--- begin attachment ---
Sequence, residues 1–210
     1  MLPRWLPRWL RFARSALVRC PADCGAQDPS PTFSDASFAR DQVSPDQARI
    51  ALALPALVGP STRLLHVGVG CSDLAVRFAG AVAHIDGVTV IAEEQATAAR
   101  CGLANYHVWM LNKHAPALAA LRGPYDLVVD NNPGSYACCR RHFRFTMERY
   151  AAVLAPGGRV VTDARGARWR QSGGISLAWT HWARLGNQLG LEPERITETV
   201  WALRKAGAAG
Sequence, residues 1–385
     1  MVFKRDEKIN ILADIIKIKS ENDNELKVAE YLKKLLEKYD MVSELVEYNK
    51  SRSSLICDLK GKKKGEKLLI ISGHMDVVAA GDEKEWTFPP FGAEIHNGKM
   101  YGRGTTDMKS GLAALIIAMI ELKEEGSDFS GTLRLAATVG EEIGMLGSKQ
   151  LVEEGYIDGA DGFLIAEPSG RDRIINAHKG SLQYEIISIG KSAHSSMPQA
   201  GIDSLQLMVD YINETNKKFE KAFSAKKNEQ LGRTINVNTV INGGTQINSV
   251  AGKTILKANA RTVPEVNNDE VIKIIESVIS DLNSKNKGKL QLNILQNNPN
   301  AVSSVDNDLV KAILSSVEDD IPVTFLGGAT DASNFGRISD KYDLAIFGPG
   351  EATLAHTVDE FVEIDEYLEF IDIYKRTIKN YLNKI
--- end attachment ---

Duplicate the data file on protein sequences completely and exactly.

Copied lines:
Sequence, residues 1–210
     1  MLPRWLPRWL RFARSALVRC PADCGAQDPS PTFSDASFAR DQVSPDQARI
    51  ALALPALVGP STRLLHVGVG CSDLAVRFAG AVAHIDGVTV IAEEQATAAR
   101  CGLANYHVWM LNKHAPALAA LRGPYDLVVD NNPGSYACCR RHFRFTMERY
   151  AAVLAPGGRV VTDARGARWR QSGGISLAWT HWARLGNQLG LEPERITETV
   201  WALRKAGAAG
Sequence, residues 1–385
     1  MVFKRDEKIN ILADIIKIKS ENDNELKVAE YLKKLLEKYD MVSELVEYNK
    51  SRSSLICDLK GKKKGEKLLI ISGHMDVVAA GDEKEWTFPP FGAEIHNGKM
   101  YGRGTTDMKS GLAALIIAMI ELKEEGSDFS GTLRLAATVG EEIGMLGSKQ
   151  LVEEGYIDGA DGFLIAEPSG RDRIINAHKG SLQYEIISIG KSAHSSMPQA
   201  GIDSLQLMVD YINETNKKFE KAFSAKKNEQ LGRTINVNTV INGGTQINSV
   251  AGKTILKANA RTVPEVNNDE VIKIIESVIS DLNSKNKGKL QLNILQNNPN
   301  AVSSVDNDLV KAILSSVEDD IPVTFLGGAT DASNFGRISD KYDLAIFGPG
   351  EATLAHTVDE FVEIDEYLEF IDIYKRTIKN YLNKI